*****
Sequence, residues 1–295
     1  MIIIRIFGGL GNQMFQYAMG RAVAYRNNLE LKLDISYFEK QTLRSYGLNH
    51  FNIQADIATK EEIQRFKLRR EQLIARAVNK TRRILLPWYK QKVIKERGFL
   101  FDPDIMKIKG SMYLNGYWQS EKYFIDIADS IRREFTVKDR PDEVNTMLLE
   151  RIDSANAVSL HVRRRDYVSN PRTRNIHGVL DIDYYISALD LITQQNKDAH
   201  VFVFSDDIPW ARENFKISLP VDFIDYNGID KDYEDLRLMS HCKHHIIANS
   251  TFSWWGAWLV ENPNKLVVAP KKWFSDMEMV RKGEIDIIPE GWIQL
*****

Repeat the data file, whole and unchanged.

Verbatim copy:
Sequence, residues 1–295
     1  MIIIRIFGGL GNQMFQYAMG RAVAYRNNLE LKLDISYFEK QTLRSYGLNH
    51  FNIQADIATK EEIQRFKLRR EQLIARAVNK TRRILLPWYK QKVIKERGFL
   101  FDPDIMKIKG SMYLNGYWQS EKYFIDIADS IRREFTVKDR PDEVNTMLLE
   151  RIDSANAVSL HVRRRDYVSN PRTRNIHGVL DIDYYISALD LITQQNKDAH
   201  VFVFSDDIPW ARENFKISLP VDFIDYNGID KDYEDLRLMS HCKHHIIANS
   251  TFSWWGAWLV ENPNKLVVAP KKWFSDMEMV RKGEIDIIPE GWIQL